|Clear, Crisp Sounds||Enjoy Watching TV Again|
|Better Hearing in Restaurants||Hear at Church, Dinner Parties & the Outdoors|
|Lightweight & Unnoticeable||Affordable and 90 Day Full 100% Money Back Guarantee|
|Automatic Noise Reduction||Manually Adjust the Volume to Your Needs|
|4 Program Settings||1 Year Iron Clad Warranty|
The Best Ear Pro hearing aid comes with Auto Adaptive Directional Microphones which "sense" the environment - if its noisy - it automatically "tunes" out the background noises. This hearing aid is designed to help you hear women's and children's high pitch voices again! Enjoy Watching TV Again. Hear Better at Church, Dinner Parties and Restaurants again! This hearing aid is Lightweight and Unnoticeable, Comes with 4 Program "Environment" Settings and a Manual Volume Control to suit Your Needs. The Best Ear Pro Hearing Aid is Affordable and comes standard with a 1 Year Iron Clad Warranty and 100% Money Back Guarantee.
|Warranty||1 Year Warranty|
|Battery Size||"312" (Lasts up to 160 hours)|
|L x W x H||.65 x .35 x 1.3|
|Bands/Channels||12 / 8|
|Programmable or Ready to Wear||Both|
|Hearing Loss||Mild to Severe|
DALLAS, Aug. 15, 2013 /PRNewswire/ -- Members of the Texas Hearing Aid Association have filed a federal class-action lawsuit against Wal-Mart Stores Inc. (NYSE: WMT) based on claims that the world's largest retailer sells hearing aids without the state-mandated license.
The group is seeking to stop Wal-Mart's hearing aid sales immediately, in addition to asking the court to require the return of profits from prior sales.
"Wal-Mart knew it was required under Texas state law to become licensed in order to dispense hearing aids in Texas stores, yet the corporation has failed to take all necessary steps to ensure their ability to do so," says attorney Bill Chamblee, managing partner of Dallas-based Chamblee, Ryan, Kershaw & Anderson and lead counsel for the hearing aid group.
"There's a reason the state allows only licensed dispensers and audiologists to fit and dispense hearing aids in Texas," continues Mr. Chamblee. "When an individual suspects they have hearing loss, a licensed hearing professional will be able to give a complete examination of the patient's auditory health in order to detect infections and other problems that aren't addressed by simply wearing a hearing aid."
Mr. Chamblee says the Bentonville, Ark.-based retail giant has chosen profits over the health interests of Texans.
"The State of Texas estimates that more than 3.8 million residents are deaf or hard of hearing. That's a tremendous potential customer base that Wal-Mart apparently couldn't resist," says Mr. Chamblee, who has won more than 130 jury verdicts and case dismissals for clients during a 27-year legal career.
Wal-Mart spokesman Dan Fogelman who called about a half-hour after the original version of this blog posted. He said Wal-Mart requires hearing aid users to sign a waiver indicating that they have elected to purchase the device without an exam."Wal-Mart’s mission is to help people save money so they can live better," Fogelman said. "One way we do that is to offer affordable hearing aids at select locations. This helps our customers with hearing aid needs save potentially thousands of dollars. "While a medical exam is recommended before purchasing a hearing aid, under federal law, adults have the option to waive an exam before buying them," Fogelman said. "We offer our customers that option."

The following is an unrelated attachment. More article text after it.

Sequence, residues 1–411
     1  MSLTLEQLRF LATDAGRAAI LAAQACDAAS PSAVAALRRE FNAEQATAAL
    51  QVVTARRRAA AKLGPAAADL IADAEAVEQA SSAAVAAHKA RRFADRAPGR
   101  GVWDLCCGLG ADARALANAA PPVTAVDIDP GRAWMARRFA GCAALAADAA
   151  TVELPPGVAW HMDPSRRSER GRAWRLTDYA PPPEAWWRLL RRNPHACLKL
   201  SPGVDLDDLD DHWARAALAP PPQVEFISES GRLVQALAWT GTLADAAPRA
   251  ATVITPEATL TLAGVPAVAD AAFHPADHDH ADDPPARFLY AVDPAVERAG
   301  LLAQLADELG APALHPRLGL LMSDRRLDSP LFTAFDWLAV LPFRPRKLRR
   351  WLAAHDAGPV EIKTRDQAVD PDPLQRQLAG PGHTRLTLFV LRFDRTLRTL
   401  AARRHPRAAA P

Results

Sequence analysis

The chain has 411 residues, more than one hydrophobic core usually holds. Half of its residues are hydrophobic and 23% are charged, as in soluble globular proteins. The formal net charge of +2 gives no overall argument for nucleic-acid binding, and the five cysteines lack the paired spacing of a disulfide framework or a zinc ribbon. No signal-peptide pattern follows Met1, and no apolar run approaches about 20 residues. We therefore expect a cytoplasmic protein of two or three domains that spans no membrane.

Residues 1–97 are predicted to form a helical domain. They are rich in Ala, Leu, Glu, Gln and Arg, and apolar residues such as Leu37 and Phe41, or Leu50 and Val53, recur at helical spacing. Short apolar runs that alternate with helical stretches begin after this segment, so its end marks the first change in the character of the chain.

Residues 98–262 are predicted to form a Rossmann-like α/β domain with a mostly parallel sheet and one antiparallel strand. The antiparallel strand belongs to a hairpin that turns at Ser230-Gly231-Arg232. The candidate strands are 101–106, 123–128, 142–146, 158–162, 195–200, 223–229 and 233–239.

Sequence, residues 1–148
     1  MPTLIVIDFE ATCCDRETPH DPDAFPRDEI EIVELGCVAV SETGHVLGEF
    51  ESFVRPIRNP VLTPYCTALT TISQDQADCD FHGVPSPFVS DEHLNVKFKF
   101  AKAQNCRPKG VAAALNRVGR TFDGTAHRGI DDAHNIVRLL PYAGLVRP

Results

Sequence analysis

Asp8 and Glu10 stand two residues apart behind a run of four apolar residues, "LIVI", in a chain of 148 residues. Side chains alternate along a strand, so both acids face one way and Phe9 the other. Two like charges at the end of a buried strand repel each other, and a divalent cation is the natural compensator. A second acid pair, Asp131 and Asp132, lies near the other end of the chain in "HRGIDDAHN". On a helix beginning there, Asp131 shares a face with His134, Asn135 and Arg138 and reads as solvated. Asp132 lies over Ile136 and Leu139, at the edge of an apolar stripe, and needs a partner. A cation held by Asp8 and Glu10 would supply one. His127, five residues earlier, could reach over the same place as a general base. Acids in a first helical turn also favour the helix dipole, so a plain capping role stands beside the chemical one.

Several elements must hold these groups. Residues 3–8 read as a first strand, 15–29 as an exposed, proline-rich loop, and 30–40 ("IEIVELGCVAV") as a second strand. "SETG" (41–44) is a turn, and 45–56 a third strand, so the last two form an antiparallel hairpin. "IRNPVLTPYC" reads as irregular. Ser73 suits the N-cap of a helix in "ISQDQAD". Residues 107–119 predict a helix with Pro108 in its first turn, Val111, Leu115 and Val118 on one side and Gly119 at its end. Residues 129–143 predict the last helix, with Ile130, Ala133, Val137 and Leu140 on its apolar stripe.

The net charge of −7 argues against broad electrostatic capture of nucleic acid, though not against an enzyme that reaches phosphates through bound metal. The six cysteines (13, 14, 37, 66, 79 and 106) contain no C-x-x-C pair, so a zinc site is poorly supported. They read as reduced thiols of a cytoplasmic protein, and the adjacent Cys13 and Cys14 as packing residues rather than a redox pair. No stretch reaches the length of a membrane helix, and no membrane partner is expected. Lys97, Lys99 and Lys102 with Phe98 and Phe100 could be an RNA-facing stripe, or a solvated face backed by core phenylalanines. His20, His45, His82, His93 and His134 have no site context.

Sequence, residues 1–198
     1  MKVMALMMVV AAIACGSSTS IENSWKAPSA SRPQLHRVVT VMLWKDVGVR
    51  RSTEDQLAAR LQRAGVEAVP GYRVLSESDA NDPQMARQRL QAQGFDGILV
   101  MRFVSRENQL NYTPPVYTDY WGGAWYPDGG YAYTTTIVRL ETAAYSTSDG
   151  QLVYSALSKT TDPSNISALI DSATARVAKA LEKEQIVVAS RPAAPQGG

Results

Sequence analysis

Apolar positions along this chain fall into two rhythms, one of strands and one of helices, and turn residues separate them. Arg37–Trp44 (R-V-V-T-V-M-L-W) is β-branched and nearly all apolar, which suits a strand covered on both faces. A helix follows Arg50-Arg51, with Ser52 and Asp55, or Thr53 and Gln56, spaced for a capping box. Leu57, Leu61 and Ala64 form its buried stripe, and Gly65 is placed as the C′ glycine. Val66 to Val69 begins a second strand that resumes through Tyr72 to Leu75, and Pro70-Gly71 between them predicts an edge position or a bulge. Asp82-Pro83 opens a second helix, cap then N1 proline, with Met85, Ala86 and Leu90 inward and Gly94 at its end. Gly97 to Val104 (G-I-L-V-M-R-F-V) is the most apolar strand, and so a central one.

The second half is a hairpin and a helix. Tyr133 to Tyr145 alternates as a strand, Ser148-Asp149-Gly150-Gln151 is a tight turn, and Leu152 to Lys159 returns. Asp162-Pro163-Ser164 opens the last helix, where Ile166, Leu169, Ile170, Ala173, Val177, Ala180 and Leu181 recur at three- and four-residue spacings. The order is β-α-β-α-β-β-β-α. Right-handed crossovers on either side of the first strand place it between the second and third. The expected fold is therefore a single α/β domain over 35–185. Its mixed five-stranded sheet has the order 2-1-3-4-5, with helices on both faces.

The U.S. Food and Drug Administration (FDA) states that it is in patients’ “best health interest to have a medical examination by a licensed physician, preferably one [who] specializes in ear diseases, before buying hearing aids.” The law requires those who do not have such a workup to sign a waiver saying they do not want an exam to rule out a medical reason for their hearing loss before buying hearing aids.
“States develop their own requirements for the licensing of hearing aid dispensers, which may affect how federal regulations are carried out,” wrote FDA spokeswoman Synim Rivers in an e-mail to The Hearing Journal.
Texas law states that only a licensed audiologist or a hearing instrument dispenser can sell and dispense a hearing aid. The state's Occupations Code defines fitting and dispensing of hearing aids as the “use of an audiometer or other means to make selections, adaptations, or sales of hearing instruments.”
The plaintiffs, who are licensed by the State Committee of Examiners in the Fitting and Dispensing of Hearing Instruments, argue that Walmart is measuring hearing by “other means” because the store posts device selection charts on its OTC hearing aid displays designed to help customers evaluate their hearing abilities and choose a hearing aid.
Even if customers sign waivers, Walmart is “still in violation of the law because they are not licensed,” Mr. Chamblee said.
It is difficult to track whether the over-the-counter sale of hearing aids is spreading to other states, said George Lyons of the American Speech–Language–Hearing Association's government affairs unit.
However, Texas hearing healthcare professionals think that the situation in their state is a harbinger of an even more widespread problem.
“I believe Walmart is test-marketing this program in our state and will be opening it up countrywide, so other hearing providers should be concerned,” Dr. Navarro said.
Dr. Clark expressed a similar perspective.
“I think selling product clearly labeled as hearing aids in an over-the-counter model is a nice weather balloon for Walmart to see if audiologists are going to sit and do nothing and let this happen.”